They must also have regard to any special educational needs the pupil may have. A decision to exclude a child with special educational needs and one who may have a statement of special educational needs must be taken very carefully; it should be the last resort after alternatives have been tried and failed. Most pupils with special educational needs are disabled for the purposes of ?the Equality Act 2010. They will be left ?in a very vulnerable position from ?1 September 2012, because, if a disabled pupil is excluded, they cannot be reinstated by the independent review panel; therefore that pupil would be better placed appealing to the First-tier Tribunal (special educational needs and disability), which has the ?power to reinstate the pupil to school should they find that they have been discriminated against.


Shifting powers

A pupil cannot be told to leave the school lawfully by a head teacher unless the formal procedures of exclusion are followed. From September 2012, it will be even more important for head teachers to carry out a full investigation because, as stated, pupils following an appeal cannot be reinstated by an independent review panel and its decision will not be binding. It can merely give recommendations. This is a huge and controversial change to the law as it currently stands. Currently, the independent appeal panel's decision is binding on both the school and the parent.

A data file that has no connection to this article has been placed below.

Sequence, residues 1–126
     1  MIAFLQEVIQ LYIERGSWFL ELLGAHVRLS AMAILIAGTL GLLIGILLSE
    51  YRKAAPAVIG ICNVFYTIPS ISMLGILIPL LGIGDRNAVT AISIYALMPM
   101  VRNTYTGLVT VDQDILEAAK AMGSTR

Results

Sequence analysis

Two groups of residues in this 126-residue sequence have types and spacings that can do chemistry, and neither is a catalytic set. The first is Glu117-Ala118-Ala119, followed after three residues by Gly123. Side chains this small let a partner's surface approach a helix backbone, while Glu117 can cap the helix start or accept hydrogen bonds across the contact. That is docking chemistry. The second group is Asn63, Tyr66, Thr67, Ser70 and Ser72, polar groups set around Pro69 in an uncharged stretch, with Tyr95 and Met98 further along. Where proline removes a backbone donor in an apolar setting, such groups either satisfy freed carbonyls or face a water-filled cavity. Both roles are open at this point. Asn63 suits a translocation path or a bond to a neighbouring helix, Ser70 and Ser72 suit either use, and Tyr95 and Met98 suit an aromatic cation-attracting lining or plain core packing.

The powers of the independent review panel include upholding the decision to exclude, recommending that the decision is reconsidered by the responsible body (the governing body) or, if the independent review panel takes the view that the responsible body's decision was flawed in light of the principles applicable for judicial review (fairness, procedural irregularity, reasonableness, proportionality), then ?it can quash the decision and direct ?that the matter be reconsidered by the responsible body. There is of course a ?risk that the responsible body will reach ?the same decision, even after reconsideration of the matter. In the ?event that the pupil is not reinstated in? these circumstances, the independent review panel has the power to direct that the local authority makes a financial readjustment to the school's budget to reduce it by a sum of £4,000.